Two-thirds of global office workers feel they are constantly doing the same tasks over and over again. That’s according to a new study (2021 Office Worker Survey) from automation software company UiPath.

Whether emailing, inputting data, or scheduling calls and meetings, the majority of those surveyed said they waste on average four and a half hours a week on time-consuming tasks that they think could be automated.

Not only is the undertaking of such repetitious and mundane tasks a waste of time for employees, and therefore for businesses, but it can also have a negative impact on employees’ motivation and productivity. And the research backs this up with more than half (58%) of those surveyed saying that undertaking such repetitive tasks doesn’t allow them to be as creative as they’d like to be.

When repetitive, unrewarding tasks are handled by people, it takes time and this can cause delays and reduce both employee and customer satisfaction,” Gavin Mee, Managing Director of UiPath Northern Europe tells Business Chief. “Repetitive tasks can also be tedious, which often leads to stress and an increased likelihood to leave a job.”

And these tasks exist at all levels within an organisation, right up to executive level, where there are “small daily tasks that can be automated, such as scheduling, logging onto systems and creating reports”, adds Mee.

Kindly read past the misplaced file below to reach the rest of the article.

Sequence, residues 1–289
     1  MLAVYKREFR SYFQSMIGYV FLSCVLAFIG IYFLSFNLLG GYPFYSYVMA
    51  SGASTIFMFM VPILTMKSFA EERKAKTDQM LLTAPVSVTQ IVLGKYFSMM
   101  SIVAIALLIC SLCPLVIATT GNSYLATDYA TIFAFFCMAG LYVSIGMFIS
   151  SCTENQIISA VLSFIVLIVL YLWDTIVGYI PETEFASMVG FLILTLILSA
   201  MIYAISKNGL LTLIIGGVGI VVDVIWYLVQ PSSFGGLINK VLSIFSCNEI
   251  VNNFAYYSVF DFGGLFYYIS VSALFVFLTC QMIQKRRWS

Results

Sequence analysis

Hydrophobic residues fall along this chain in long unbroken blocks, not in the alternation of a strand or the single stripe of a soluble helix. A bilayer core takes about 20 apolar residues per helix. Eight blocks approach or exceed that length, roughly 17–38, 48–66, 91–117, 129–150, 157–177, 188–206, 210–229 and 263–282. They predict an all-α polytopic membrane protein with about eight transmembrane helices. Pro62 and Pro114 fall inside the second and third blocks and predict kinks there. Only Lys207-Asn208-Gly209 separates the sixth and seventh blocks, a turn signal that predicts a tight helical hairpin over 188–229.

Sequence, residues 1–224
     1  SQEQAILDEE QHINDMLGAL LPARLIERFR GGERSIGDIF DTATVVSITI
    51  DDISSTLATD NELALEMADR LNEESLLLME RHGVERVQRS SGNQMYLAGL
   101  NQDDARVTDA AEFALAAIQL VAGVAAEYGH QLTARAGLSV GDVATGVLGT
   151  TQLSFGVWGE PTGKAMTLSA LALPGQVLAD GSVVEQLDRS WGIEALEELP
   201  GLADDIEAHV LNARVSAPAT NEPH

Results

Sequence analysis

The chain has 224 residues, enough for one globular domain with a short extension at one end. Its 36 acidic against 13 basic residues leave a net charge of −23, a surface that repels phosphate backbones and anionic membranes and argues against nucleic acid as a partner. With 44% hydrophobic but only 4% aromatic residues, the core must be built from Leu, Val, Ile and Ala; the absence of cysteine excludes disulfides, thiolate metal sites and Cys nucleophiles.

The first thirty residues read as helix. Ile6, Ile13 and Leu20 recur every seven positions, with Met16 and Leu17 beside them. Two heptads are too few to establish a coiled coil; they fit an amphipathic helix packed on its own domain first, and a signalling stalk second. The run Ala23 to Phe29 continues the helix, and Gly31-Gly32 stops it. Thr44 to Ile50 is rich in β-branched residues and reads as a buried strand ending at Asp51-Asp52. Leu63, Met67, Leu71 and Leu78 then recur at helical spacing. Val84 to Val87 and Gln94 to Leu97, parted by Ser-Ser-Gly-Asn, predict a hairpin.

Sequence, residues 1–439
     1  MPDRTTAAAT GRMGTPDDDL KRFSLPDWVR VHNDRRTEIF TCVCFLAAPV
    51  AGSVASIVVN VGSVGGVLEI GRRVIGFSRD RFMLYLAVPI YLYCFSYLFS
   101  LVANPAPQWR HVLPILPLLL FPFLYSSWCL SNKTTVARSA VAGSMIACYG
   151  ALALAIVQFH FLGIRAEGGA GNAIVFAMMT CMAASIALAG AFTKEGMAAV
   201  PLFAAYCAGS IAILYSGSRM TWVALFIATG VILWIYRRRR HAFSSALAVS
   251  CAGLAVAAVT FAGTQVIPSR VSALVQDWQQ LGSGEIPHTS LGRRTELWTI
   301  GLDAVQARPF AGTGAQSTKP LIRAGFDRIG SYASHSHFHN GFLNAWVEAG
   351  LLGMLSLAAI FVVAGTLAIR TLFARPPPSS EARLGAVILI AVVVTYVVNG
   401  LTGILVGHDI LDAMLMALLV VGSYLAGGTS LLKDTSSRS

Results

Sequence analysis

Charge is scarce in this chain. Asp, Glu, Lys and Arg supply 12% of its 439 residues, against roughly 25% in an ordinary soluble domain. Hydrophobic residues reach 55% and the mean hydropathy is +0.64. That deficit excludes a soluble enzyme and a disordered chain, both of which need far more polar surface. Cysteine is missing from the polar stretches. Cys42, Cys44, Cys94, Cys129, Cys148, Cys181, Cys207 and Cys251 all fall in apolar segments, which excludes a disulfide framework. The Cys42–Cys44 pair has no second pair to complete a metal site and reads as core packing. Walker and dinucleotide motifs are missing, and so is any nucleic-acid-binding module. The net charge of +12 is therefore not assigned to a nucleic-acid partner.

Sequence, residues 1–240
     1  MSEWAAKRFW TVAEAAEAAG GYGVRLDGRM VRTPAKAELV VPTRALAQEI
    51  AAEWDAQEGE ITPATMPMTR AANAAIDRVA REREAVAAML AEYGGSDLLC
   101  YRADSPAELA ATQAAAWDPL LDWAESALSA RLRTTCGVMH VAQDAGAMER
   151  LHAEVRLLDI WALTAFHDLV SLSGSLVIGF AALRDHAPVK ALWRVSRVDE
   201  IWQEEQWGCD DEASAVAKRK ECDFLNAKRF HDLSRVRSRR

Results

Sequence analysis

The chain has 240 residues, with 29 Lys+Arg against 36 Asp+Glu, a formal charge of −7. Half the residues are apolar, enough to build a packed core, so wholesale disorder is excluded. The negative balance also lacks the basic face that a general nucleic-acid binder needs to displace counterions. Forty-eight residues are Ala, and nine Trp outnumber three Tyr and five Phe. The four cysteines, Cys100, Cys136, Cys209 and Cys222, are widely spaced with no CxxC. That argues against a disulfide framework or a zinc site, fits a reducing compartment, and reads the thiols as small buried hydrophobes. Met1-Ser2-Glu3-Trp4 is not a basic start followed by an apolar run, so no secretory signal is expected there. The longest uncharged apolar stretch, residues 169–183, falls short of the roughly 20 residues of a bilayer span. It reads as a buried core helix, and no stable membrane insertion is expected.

Automation can free employees to focus on higher value work

By automating some or all of these repetitive tasks, employees at whatever level of the organisation are freed up to focus on meaningful work that is creative, collaborative and strategic, something that will not only help them feel more engaged, but also benefit the organisation.

“Automation can free people to do more engaging, rewarding and higher value work,” says Mee, highlighting that 68% of global workers believe automation will make them more productive and 60% of executives agree that automation will enable people to focus on more strategic work. “Importantly, 57% of executives also say that automation increases employee engagement, all important factors to achieving business objectives.”

These aren’t the only benefits, however. One of the problems with employees doing some of these repetitive tasks manually is that “people are fallible and make mistakes”, says Mee, whereas automation boosts accuracy and reduces manual errors by 57%, according to Forrester Research. Compliance is also improved, according to 92% of global organisations.

Repetitive tasks that can be automated

Any repetitive process can be automated, Mee explains, from paying invoices to dealing with enquiries, or authorising documents and managing insurance claims. “The process will vary from business to business, but office workers have identified and created software robots to assist with thousands of common tasks they want automated.”